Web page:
It is the kind of quote that should be repeated over and over again. But this is Canada, and only one party is effective at branding their opponents. For Thomas Mulcair and Bob Rae to capitalize on this hypocritical stance regarding omnibus legislation, they would need a competent communications strategy. Neither party can make such claim, and unless Harper decides to commit suicide, this hypocrisy will end up like the rest of his scandals and missteps: forgotten.

Bob Rae’s Leadership Goals

The conservatives, who have trumped all other federal parties in effective communications for the past 15 years, already banked on this happening months ago when they released a preemptive ad asking Canadians if Bob Rae can be trusted as Prime Minister. After all, he left Ontario with one of the largest deficits in its history and took a policy swipe at his own base while doing so.

A first school of thought, and one which seems to be the prevailing opinion in political circles, is as follows: a track record as rocky as Rae’s will not be able to escape the relentless negative branding by Harper’s conservatives and still emerge as a leader Canadians can trust. Conservatives are great at attack ads, and with Harper’s insatiable lust to ultimately destroy the Liberal Party, Canadians are about to witness a new age in negative advertisements. We are at the very beginning of a political era in Canada where parties will begin crucifying their opponents even when the next election is still years away. In fact, it would be a good bet to believe the conservatives already have a few ads in the queue, trickling them out every time a new opportunity materializes.

After the Liberal convention last January, when a staggering number of red faithfuls made their way to Ottawa to reignite their party, whispers already began to persist regarding Rae’s ambitions as leader. He is a solid speaker and made his mark that weekend, leaving skeptics wondering if he could effectively combat the attacks from Harper and the newly invigorated NDP. That momentum was squandered, however, as the Liberals decided to go into hiding instead of striking the hot iron the convention had provided.

But there may be a chess game quietly taking place at the Liberal executive these days. Most sources indicate the Liberals are universal in their confidence in Rae. This is probably more of a communications strategy than a reality as other insiders are concerned Rae is simply damaged goods. What is obvious is that Liberals need to become more savvy in their public relations, cementing themselves as the only moderate alternative to two opposite yet equally ideological counterparts. This goal of becoming a more effective party in the world of sound bites and ads is a steeper climb with Rae as leader. Rae will keep the Liberals on the defensive for the most part, constantly being badgered about his time as Ontario Premier. The conservatives are masters at getting the press to parrot their criticisms of other politicians (see Michael Ignatieff) and will leave little wiggle room for the Libs to navigate through.

Justin Trudeau’s Leadership Moxie

After the announcement of Rae’s leadership eligibility a media coup took place. On the day it was announced, polls began popping up showing Trudeau as the de facto favourite if he chose to run. His positives are higher, his negatives are lower. And as a sitting Member of Parliament, he is more popular than his 307 colleagues. In short, he is Canada’s only political celebrity.

And he acts like one too.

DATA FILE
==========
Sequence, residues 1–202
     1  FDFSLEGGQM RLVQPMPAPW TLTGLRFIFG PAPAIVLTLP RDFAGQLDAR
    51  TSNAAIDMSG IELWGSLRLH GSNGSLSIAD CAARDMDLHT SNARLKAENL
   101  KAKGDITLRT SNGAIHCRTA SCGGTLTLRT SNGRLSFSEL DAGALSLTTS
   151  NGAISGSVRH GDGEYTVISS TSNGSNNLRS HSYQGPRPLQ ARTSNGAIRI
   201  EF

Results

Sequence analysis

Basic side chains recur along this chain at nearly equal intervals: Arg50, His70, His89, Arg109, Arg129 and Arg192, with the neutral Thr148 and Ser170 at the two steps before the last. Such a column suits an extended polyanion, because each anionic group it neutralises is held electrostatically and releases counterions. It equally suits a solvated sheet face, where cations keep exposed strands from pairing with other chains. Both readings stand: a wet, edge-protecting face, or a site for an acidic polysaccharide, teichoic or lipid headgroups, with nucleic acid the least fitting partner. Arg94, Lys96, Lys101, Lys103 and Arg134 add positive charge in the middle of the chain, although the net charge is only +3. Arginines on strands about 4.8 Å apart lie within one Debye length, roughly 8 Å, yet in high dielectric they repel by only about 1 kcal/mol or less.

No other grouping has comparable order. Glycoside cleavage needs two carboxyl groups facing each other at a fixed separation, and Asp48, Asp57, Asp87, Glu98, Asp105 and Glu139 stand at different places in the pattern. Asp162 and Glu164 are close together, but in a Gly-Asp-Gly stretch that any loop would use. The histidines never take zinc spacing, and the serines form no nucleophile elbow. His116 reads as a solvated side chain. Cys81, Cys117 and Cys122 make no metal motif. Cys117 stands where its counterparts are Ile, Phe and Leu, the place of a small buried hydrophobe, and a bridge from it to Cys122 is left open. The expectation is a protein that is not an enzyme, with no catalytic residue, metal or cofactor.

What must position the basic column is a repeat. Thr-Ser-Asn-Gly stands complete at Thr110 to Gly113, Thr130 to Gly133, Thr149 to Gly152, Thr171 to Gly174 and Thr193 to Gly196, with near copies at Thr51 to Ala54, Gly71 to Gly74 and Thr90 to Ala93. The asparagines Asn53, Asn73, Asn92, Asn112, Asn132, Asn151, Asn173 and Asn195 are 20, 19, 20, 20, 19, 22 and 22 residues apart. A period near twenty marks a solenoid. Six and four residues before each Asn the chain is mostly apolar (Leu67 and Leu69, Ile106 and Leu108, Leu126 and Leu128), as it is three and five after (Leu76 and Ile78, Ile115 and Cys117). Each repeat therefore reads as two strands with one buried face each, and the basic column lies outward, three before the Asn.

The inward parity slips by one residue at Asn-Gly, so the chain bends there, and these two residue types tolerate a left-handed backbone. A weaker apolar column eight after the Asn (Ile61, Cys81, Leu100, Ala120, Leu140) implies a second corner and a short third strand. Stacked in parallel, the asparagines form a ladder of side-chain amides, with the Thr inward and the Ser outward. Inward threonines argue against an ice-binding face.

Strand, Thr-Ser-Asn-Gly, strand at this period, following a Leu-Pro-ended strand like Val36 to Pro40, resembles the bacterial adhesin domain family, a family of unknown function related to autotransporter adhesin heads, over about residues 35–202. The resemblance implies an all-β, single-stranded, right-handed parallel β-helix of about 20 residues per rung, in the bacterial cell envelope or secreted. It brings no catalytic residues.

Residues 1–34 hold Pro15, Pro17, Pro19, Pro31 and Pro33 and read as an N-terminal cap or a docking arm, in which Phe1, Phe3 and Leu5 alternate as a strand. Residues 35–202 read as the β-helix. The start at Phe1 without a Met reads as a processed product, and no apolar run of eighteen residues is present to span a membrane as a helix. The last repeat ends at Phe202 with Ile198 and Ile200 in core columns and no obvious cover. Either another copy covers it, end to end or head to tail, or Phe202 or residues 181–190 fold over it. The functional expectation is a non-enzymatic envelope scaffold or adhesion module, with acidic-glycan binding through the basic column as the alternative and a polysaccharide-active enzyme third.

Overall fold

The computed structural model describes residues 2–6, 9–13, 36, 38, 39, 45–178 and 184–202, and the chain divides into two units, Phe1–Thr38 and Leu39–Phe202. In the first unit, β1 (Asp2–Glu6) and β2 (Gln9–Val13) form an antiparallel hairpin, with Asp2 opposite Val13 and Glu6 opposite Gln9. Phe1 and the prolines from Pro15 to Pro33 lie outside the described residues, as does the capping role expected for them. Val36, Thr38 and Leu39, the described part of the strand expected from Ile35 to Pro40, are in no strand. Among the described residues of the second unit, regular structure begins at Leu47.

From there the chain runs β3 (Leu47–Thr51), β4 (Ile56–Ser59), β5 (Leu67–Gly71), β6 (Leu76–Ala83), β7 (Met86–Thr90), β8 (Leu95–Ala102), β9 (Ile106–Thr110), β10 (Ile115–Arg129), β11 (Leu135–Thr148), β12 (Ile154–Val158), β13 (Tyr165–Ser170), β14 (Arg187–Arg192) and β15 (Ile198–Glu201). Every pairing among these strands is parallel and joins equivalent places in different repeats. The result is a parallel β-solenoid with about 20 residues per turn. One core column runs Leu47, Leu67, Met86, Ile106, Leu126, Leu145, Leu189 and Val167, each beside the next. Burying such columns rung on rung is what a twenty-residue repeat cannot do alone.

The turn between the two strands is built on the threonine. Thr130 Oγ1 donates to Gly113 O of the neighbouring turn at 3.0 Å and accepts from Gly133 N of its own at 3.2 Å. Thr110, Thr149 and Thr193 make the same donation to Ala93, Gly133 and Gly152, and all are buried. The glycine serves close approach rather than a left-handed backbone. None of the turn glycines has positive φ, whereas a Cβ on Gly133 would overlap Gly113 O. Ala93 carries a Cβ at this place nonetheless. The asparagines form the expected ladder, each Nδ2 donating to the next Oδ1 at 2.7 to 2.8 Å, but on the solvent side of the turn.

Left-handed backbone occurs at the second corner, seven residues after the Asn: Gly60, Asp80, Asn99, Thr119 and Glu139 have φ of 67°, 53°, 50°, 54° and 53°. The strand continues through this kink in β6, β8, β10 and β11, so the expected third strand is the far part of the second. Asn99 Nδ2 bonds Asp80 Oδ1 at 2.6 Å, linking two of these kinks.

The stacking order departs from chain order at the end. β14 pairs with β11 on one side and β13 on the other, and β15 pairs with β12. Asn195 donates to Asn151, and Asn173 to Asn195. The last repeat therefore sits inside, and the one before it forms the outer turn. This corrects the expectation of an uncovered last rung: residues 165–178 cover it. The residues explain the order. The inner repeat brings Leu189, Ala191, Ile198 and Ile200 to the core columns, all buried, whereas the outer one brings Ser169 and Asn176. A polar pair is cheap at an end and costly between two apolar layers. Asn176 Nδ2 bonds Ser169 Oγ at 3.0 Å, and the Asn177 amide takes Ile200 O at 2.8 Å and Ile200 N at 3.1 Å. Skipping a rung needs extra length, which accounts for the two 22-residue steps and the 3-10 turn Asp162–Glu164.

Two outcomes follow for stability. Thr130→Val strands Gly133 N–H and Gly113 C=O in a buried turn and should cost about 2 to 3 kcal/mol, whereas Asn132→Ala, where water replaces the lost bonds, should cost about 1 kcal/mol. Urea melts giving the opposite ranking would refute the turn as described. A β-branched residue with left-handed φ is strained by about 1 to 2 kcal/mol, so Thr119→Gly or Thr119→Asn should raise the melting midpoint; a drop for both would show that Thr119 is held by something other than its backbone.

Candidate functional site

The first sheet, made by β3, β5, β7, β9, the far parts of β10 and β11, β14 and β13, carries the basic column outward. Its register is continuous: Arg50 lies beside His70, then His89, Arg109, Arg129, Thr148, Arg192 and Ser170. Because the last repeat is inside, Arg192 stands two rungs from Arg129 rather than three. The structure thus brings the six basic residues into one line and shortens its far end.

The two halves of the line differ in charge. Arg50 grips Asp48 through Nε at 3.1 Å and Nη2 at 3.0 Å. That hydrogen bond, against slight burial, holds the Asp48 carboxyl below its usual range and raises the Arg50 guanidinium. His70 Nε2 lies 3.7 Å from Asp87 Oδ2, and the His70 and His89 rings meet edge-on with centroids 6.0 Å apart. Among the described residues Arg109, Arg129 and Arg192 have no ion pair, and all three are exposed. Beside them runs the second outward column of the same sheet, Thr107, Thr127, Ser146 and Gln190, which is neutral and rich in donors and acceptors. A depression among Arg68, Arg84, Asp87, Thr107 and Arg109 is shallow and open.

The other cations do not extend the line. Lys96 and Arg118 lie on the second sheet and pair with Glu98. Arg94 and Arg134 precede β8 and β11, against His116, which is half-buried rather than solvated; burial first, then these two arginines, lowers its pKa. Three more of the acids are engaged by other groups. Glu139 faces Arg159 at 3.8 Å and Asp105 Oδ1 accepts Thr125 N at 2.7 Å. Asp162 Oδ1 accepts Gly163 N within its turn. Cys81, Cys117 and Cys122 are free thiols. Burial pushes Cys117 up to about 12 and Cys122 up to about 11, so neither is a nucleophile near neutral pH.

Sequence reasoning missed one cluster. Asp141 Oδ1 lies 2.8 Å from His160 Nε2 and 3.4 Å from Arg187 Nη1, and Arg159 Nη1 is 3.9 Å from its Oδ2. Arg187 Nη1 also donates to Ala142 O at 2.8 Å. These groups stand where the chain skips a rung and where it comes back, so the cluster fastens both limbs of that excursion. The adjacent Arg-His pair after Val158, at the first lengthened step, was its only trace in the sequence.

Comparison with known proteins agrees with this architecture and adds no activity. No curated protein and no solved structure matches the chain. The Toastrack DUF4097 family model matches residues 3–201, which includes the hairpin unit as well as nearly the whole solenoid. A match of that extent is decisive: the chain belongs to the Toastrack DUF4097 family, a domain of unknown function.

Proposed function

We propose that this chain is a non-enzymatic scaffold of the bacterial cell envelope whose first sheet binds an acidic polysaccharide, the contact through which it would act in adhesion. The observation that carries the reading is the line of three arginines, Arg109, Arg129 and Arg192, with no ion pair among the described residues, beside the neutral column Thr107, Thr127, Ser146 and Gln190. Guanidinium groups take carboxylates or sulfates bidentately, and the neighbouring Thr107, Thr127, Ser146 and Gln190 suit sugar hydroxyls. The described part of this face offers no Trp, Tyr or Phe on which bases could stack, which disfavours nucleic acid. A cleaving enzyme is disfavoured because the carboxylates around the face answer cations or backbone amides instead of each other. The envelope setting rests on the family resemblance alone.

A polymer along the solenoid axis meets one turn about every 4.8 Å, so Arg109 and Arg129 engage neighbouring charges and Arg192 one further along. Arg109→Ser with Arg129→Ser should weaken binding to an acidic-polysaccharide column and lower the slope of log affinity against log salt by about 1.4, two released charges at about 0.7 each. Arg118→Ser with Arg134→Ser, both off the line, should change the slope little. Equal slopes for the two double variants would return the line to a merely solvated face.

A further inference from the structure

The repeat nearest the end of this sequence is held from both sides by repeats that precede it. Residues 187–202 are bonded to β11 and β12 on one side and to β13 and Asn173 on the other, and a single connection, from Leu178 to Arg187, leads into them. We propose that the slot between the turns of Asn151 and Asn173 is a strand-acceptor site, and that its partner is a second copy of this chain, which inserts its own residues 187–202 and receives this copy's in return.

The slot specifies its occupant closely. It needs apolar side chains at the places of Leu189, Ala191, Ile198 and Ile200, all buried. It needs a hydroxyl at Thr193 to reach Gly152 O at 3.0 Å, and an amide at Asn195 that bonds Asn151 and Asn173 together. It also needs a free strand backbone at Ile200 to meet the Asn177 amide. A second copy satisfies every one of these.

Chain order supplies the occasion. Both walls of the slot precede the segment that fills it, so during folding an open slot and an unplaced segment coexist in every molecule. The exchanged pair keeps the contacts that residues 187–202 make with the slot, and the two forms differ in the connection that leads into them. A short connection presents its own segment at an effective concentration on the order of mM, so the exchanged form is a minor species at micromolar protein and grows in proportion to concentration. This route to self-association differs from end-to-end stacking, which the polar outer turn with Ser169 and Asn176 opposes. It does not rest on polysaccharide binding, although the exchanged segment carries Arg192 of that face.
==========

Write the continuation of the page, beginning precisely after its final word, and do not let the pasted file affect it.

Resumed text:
Trudeau has a lot going for him – his charm, his name recognition, his age – and he has a lot going against him – his charm, his name recognition and his age. Alberta and Saskatchewan, still bitter over the National Energy Program ushered in by Pierre Trudeau, point a finger at Justin as if he was pulling the levers of power for dear old dad. Justin was 9 years old when the NEP was enacted, but this is another example of the savvy, if not Mad Men inspired communications of Harper’s conservative party: brand your enemies so that when decades go by folks will only remember our version of who our enemies are.

It’s working. Ask any Albertan about Justin Trudeau and they will almost certainly begin with his father’s policies. Rae’s name is now synonymous with his 5 years as Ontario Premier (ending 17 years ago) and the tribulations that went along with his administration. Harper once again was able to frame his opponent into the most unflattering career snapshot available and get people to numbly agree.

But what if that worked the other way? What if Harper was asked to brand his own persona in the worst light possible? What would it look like?

If we were to begin in the present day political climate in Ottawa, with the Omnibus Bill being fillibustered in Parliament as we speak, the aforementioned quote would be the singular message coming out of conservative rank and filers.

Reporters would get tired of the repetition, but that’s how you know it is working. Harper has made a career out of his non-interaction with the media, so it seems like a great tactic when trying to brand him as a hypocrite. If the question is “How are opposition parties going to do anything other than stall this bill?” Opposition MPs should reply, “The Prime Minister himself is against omnibus legislation. He has questioned how constituents can feel represented when so much legislation is crammed into one bill. That’s the Prime Minister himself talking. He is either a hypocrite or against his own legislation.”

And so on.

But try as they may, opposition parties in Canada are impotent in cementing an idea for the public. They are also undisciplined. Without an effective voter relations strategy and the ability to stay on message, even when it feels wrong to do so, they simply cannot overcome the machine the conservatives have been building for decades. As it stands, Stephen Harper is the only politician in Canada who could destroy Stephen Harper. With that kind of reality, there’s no wonder he is getting cocky on his perch.